“What’s true is that a world organized by multilateral cooperation is a more just world order based upon sovereign equality of states, the rule of law, the practice of diplomacy, and not ‘might makes right’ in which a strong country can simply take territory from another country, as we saw for all of human history, up until the 20th century,” said Adam Lupel, IPI Vice President, during an event hosted by the United Nations Association of the United States of America (UNA-USA).
He added, “This is important for small countries, though the strong countries also have an interest in this system, because we all have an interest in peace, and there is no doubt statistically that interstate war has been [on] a dramatic decline since the creation of the UN.”
Dr. Lupel spoke extensively on multilateralism during a conversation with Peter Yeo, President of the Better World Organization, on July 15, 2020, at an event moderated by Rachel Pittman, Executive Director of UNA-USA.
“I think today’s context of a pandemic is a real case in point,” Dr. Lupel pointed out. “This is a global phenomenon and even the strongest country in the world can’t handle it in isolation—it’s something that we need cooperation to handle.”
“Also, it’s only through multilateral cooperation that we can aspire to do the really big things—end poverty, feed the world, combat climate change, advance human rights—things that we’re looking to do on a global scale,” he said. “And this uncertainty has only been exacerbated by the pandemic and evident divisions in the multilateral system that has made a globally coordinated response so difficult.”
In response to a question about nationalism, Dr. Lupel said, “If nationalism means isolationism and go-it-alone, it is a problem from an international perspective because it won’t lead to a safer, more secure and more prosperous nation. It will actually lead to an impoverished and more insecure nation, because there are a host of problems that can only be addressed through both cooperation and the pursuit of national interests.”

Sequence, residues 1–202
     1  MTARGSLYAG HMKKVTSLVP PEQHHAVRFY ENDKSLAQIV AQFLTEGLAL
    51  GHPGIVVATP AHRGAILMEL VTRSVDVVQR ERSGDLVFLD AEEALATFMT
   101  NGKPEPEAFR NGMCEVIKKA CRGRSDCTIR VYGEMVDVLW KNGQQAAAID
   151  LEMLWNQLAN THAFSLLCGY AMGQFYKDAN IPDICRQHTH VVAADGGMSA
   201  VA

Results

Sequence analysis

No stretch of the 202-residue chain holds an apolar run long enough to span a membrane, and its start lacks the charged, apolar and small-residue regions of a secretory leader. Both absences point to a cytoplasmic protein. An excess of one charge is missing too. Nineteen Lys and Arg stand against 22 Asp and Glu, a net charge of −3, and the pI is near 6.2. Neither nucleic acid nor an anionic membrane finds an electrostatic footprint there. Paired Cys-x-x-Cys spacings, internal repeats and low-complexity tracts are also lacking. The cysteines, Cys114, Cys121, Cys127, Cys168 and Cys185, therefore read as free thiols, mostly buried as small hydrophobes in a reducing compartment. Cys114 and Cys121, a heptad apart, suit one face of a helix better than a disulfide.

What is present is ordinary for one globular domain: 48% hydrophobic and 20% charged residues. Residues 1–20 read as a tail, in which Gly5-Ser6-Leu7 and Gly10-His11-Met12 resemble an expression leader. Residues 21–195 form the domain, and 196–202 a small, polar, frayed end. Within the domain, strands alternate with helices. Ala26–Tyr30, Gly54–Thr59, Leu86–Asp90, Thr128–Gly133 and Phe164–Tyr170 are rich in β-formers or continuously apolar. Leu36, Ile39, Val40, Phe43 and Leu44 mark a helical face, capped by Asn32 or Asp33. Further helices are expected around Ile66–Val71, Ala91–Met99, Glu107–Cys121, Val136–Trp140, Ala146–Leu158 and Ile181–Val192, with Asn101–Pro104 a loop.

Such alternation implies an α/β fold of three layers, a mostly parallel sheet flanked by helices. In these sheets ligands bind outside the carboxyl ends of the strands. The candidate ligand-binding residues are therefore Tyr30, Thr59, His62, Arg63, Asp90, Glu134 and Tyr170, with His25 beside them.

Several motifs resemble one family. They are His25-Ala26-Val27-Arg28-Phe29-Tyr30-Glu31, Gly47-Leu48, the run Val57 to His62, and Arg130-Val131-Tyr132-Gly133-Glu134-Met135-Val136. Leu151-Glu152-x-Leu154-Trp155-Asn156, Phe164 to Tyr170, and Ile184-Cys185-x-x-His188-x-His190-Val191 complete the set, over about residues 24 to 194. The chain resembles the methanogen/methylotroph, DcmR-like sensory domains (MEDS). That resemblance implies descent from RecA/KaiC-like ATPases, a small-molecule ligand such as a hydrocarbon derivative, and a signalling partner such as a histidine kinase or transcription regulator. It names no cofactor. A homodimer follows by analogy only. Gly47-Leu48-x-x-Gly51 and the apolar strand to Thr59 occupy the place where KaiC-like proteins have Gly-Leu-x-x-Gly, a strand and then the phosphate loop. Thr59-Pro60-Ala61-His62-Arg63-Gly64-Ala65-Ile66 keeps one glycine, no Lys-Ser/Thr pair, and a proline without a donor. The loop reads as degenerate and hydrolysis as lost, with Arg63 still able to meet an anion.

Dr. Lupel noted that the multilateral system is not just about the UN Security Council but also relates to real technical cooperation—civil aviation, the Universal Postal Union, telecommunications—”all these things have multilateral mechanisms that ease the way for us to do things that are very common, but actually would be very difficult if we didn’t cooperate internationally,” he said.
He recalled that the conversation in the lead up to the UN’s 75th anniversary “is more future-oriented. It is about recognizing global transformations and the uncertainty regarding where the international system is heading.
“Many people are beginning to speak about this moment as one of two things for the international system. It is either a moment in which long-term trends are simply being accelerated: geopolitical division, inequality, rising nationalism. Or it is a fork in the road, where we can make real change, and change direction.”
Dr. Lupel said it is likely a bit of both, “but what is clear is that the decisions being made today will have profound consequences.”
He added, “So to the extent that ‘Multilateralism is under Fire,’ organizations like the UNA-USA and IPI have a great task ahead of them to work against those trends that threaten multilateral approaches and work to improve efforts at international cooperation.”